To compensate for these issues, I have taken a comprehensive approach to analysing the iconography. The database has multiple columns with information from museums and scholarship, which is combined with my categories to describe the palettes. One column pertains to Museum/Scholarship descriptions either in purely narrative or in mythological terms. These vary extensively, because they include both functional and mythological themes, as well as because different scholars make them. There is a Fragmentary column to acknowledge which entries are Complete, Partially or Fully Fragmentary. There is also a column describing what type of compartments exist, if at all, in a palette. The Other column includes other information such as backside design, floral patterns, or carving techniques; this includes museum information where that is available, which can be a useful cross-reference for which figures appear in palettes. I also opted to use Lo Muzio () and place the 1st century CE as a baseline for the palettes’ presence in Gandhara. In the case of the palettes, I have used the museum chronologies, which often have a range of two centuries, and combined them with imagery and stratigraphy to build a temporal distribution pattern for the palettes (Table 2).

Quality control

To make categorizations easier, I have created three General Description columns and three Mythological Description Columns. The General Description columns help build meaningful categories to study the palettes. The Figures column describes the figures that are involved, whether they are humans or animals. The Activity column describes what these figures are doing, and the Context Column describes the background based on furniture or the presence/absence of flora and fauna. The descriptions are my own and describe the activities involved. To build the queries, I have also added two more columns that complement the Environment Column. One focuses on the narrative that is produced (i.e., whether the scene shows chasing or fighting) and the other focuses on behaviours in the narrative (e.g., whether a scene is erotic or has wine, as well as what the figure is if no activity is taking place). The Museum Chronology category includes chronologies recorded in museum entries. I have also created a Phasing column to put the chronologies into organized phases. The description of the palettes is important because of the presence of foreign elements for elite production (), which is the reason why the Mythological columns were created. I have collected various interpretations for motifs from Greek, Persian, or Indian religious traditions. Many interpretations are taken from scholarship, but I have also used my own based on analogies. I have also provided citations of the texts they were found in, such as museum catalogues, in the database in a separate column.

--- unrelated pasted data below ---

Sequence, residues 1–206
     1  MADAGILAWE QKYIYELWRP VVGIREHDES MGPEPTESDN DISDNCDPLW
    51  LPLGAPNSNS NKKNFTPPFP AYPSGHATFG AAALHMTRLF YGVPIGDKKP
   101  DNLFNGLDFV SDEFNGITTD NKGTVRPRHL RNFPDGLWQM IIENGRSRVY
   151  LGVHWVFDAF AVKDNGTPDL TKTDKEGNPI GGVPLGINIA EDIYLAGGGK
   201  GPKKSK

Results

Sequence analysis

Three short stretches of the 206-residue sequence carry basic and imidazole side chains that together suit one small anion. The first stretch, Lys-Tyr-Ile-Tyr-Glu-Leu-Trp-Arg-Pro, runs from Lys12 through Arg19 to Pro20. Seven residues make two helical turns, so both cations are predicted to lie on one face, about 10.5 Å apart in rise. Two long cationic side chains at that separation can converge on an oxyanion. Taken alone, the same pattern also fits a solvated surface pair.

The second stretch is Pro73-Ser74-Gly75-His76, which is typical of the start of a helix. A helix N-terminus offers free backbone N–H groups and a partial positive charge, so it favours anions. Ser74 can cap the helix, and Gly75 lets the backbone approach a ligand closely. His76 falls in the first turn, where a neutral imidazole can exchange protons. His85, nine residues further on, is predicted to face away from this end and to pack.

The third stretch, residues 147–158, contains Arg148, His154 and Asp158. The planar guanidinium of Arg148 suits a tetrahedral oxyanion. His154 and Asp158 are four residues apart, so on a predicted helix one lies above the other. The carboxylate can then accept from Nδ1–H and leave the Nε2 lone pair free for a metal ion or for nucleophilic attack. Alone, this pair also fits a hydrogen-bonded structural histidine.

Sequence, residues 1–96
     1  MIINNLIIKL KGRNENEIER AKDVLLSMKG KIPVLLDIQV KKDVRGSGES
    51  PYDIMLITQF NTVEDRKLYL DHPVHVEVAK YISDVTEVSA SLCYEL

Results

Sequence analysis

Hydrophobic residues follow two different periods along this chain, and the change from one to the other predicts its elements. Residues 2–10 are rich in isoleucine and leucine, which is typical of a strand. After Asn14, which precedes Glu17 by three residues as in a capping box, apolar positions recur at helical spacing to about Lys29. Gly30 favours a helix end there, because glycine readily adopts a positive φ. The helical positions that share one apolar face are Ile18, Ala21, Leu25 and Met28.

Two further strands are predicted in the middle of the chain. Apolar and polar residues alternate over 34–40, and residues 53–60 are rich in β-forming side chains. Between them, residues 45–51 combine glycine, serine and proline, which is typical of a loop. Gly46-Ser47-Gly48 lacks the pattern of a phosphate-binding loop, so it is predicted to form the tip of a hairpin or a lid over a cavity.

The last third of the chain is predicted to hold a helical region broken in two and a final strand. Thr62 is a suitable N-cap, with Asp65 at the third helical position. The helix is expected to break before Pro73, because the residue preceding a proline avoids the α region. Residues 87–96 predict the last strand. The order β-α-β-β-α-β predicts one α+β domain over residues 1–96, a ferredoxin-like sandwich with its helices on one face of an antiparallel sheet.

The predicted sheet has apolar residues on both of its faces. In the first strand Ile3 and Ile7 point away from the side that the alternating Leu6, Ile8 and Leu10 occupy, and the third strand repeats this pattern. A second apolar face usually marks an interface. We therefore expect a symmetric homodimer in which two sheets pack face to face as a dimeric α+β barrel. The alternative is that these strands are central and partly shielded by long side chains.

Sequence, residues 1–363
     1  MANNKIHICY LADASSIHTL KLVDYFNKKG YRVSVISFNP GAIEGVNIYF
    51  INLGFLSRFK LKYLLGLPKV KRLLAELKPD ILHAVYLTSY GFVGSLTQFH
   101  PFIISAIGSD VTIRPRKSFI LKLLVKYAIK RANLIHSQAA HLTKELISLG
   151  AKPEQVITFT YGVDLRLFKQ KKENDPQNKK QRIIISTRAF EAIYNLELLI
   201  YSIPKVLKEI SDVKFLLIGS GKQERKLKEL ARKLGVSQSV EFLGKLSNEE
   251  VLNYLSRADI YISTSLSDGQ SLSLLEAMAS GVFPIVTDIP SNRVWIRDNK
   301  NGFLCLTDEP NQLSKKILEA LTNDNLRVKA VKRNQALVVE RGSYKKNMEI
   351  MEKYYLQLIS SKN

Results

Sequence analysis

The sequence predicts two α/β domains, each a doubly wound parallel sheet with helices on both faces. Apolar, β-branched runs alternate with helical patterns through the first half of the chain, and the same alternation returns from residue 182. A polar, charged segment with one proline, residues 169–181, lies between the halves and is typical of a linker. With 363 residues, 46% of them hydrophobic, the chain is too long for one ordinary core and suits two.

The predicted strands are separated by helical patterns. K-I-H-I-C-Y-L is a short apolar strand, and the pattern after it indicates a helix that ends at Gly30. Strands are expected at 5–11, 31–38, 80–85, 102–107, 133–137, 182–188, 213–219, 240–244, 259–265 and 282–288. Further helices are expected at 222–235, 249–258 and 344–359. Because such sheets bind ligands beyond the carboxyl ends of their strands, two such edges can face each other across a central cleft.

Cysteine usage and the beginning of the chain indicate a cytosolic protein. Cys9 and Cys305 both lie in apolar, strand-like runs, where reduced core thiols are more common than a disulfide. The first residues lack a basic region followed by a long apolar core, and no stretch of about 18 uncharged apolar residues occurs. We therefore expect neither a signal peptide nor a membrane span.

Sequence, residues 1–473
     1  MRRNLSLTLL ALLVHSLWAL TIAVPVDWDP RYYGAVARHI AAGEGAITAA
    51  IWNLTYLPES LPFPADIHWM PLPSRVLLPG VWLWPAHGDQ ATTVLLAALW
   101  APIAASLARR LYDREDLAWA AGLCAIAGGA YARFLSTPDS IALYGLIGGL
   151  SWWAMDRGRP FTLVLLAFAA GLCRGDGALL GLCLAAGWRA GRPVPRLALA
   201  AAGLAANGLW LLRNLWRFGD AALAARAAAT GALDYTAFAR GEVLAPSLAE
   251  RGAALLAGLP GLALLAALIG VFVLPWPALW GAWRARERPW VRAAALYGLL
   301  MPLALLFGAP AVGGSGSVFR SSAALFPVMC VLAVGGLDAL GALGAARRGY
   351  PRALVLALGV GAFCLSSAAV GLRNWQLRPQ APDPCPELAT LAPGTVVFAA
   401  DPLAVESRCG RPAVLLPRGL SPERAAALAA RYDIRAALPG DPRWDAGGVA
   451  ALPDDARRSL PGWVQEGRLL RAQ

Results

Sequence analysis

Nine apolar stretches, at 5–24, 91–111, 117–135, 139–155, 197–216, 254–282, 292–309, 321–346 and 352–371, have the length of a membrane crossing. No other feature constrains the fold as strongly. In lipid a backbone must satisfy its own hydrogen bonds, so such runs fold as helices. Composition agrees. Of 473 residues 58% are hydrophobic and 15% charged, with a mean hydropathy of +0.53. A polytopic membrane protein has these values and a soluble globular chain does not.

(3) Dataset description

Object name – PalettesDatabase

Format names and versions – .accdb, .xslx, .csv

Creation dates – 05/01/2020 – 05/10/2020

Dataset creatorsChristos Nikolaou


License – CC – BY 4.0


Repository name – Apollo, University of Cambridge

Publication date – 20/03/2023

(4) Reuse Potential

The total of 195 entries has ample information on variables like material, compartments, imagery, provenance, and chronology. The incomplete nature of many records makes analysis quite difficult. However, there is ample information on material, and a majority of palettes are provenanced and have their cavities described (See Tables 3 and 4).

Table 3

Material distribution of the palettes.


Ivory1c. 0.5%

Silver2c. 1%

Copper1c. 0.5%

Bronze1c. 0.5%

Schist38c. 19.7%

Serpentine2c. 1%

Steatite16c. 8.3%

Stone18c. 9.3%

Terracotta3c. 1.5%

Unknown112c. 57%

Total196c. 100%

Table 4

Compartment distribution of the palettes.


Crescent Shape2713.8%

Cross Shape94.6%

Image Shape3015.4%



Rock Shape21%

Sun shape10.5%

Swastika Shape10.5%

Bowl Shape31.5%




There are also future possibilities in terms of more qualitative analyses. For instance, I plan in future articles to examine whether specific compartments fit to specific artistic tropes, or the regional and spatial spread of tropes like Horse Riders, and then compare different Horse Rider examples between them or with other similar scenes like Sea Monsters. For instance, by seeing how iconography may change based on different material, or whether specific tropes appear in specific periods, we can better understand the artistic and social shifts that happened in Gandhara through the art which was commissioned. Relational databases are also useful for putting artefacts into neat statistical categories for combined qualitative and quantitative research and can help with mapping if coordinates are utilized.